Morden Hall is now an elegant restaurant with some 19th century decoration. It sits in the middle of lawns and is enclosed by a moat. This is not a medieval feature, just an 18th century fancy, and the moat is fed by the river Wandle. The bridge over the moat is normally closed but is worth a look as it is an elegant Victorian cast iron bridge.
The former stable yard a little further on is where you get information about the property. There is a gate under a clock tower. Such clocks were usual in Victorian estates as this was the way the staff knew when to do certain duties. We can understand easily that normal staff would not be able to afford pocket watches in the 19th century, but what is really interesting is that such clock towers were not customary in the 18th century, a more leisurely time when staff could be relied upon to follow natural times like sunrise and sunset.
Part of the stables yard was a dairy, which could have been due to the borough using the property for grazing cattle in the mid-20th century. But dairies were also a normal occurrence in any large estate as it was the only way to ensure a supply of fresh milk.
After the stable block, you reach the main access road. If you are interested in a bit of shopping, there is a National Trust garden centre and shop a few yards to your right. Otherwise, turn L across the river.
The building directly astride the river was the snuff mill that provided Mr Hatfield with the means to purchase the estate. The larger house behind the mill was first a hunting lodge for the original deer park and was later turned into a residence for Mr Hatfield’s son. The house has a very nice rose garden in summer.
Cross the rose garden ahead and exit through a small gate back into Morden Hall Park
Aim for the small bridge over a minor arm of the river and cross the river. You might notice the row of impressive trees building a crescent away from the river. This was the original alley entering the property as it was fashionable to let visitors enjoy a view of the park before glimpsing the mansion.
Instead of taking the alley, continue ahead to the edge of the park for
The tram stop was created in 2000, opening with the tram line. “Phipps” is a family name referring to a family influential in the late 18th century.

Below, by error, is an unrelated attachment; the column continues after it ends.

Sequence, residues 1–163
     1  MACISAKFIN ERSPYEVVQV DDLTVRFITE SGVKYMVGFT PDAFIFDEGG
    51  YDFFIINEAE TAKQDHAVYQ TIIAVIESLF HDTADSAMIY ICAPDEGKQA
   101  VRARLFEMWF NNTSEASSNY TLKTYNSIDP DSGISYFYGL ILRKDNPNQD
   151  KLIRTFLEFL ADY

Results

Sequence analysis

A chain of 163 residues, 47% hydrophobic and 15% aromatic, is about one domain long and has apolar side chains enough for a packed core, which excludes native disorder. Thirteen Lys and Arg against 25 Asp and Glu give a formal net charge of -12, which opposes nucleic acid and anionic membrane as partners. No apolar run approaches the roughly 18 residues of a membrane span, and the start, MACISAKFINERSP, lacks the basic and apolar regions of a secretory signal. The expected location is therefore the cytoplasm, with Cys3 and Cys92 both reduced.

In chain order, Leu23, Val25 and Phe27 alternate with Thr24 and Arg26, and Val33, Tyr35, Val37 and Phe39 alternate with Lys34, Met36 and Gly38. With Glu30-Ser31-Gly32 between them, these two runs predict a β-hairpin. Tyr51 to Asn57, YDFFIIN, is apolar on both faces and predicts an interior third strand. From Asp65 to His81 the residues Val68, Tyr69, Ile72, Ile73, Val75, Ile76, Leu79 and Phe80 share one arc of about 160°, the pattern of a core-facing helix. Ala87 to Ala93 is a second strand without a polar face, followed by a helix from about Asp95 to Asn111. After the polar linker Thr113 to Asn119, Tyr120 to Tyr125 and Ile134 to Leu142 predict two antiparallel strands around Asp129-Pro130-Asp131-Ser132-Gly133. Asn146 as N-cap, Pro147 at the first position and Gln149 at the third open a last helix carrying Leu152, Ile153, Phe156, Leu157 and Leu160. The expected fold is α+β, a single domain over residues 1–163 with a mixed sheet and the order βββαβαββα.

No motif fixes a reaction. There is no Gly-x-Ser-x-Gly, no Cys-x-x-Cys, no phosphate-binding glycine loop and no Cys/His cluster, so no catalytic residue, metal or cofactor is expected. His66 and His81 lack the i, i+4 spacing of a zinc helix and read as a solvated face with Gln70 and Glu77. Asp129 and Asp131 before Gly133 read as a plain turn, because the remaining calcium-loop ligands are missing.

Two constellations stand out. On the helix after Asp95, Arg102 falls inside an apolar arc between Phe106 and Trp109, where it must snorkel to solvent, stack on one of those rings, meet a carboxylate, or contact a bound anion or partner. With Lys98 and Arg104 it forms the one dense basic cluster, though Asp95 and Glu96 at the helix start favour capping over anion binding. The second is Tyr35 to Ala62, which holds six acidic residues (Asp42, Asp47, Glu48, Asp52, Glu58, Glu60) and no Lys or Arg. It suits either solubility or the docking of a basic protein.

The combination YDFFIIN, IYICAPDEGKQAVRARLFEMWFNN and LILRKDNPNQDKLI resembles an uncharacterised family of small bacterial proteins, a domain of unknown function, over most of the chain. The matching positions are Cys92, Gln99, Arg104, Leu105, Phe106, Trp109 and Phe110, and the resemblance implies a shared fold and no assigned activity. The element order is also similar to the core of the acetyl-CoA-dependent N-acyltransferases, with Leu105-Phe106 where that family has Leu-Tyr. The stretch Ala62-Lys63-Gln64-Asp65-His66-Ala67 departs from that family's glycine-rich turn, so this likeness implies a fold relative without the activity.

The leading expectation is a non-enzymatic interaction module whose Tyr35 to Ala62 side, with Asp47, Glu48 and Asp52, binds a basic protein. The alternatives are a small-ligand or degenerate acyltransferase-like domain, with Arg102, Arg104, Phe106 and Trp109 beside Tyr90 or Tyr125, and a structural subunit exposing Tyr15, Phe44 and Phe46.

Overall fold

R along the tracks (do not cross them)
You are still in Morden Hall Park, but more in the landscaped section that would have been used in the 18th century for vistas and grazing.
The footpath turns later away from the tracks towards a busy road
L along Morden Road passing a small shopping parade
Just after the shops
L Ravensbury Path (a public footpath)
The tram stop was created in 2000, opening with the tram line.
Cross the tracks and continue ahead to the next road
R White Bridge Avenue
When the road turns L at the end, continue ahead on a footpath along a commercial fence. Continue ahead across the first road (an industrial access road)
R Church Path (a residential road)
I did not detour to the parish church from which the road has its name. If you want to have a look, the church is a short distance up the street. The building dates back to 1821 and the architecture is a restrained version of neo-medieval. As classicism was still fashionable, involving unadorned walls and uncluttered lines, the church looks much less frilly than Victorian examples.
Ahead along the edge of London Road Playing Field, the footpath is called Baron Walk
This is a plain green space with a small playground for children. There is a pleasant sitting area with a mysterious small sculpture in the middle. From afar, it reminds me of a Mayan petroglyph.
Turn L within the playing field towards the large brick estate buildings. Maps are not perfectly clear, but I expect you will find only one exit towards the main road (there was an other exit altogether when I walked the route in 2010, but it has apparently been closed)
R London Road crossing the tram line on a bridge
(to reach the station, you would detour L from my route on an access road called Tramway Path)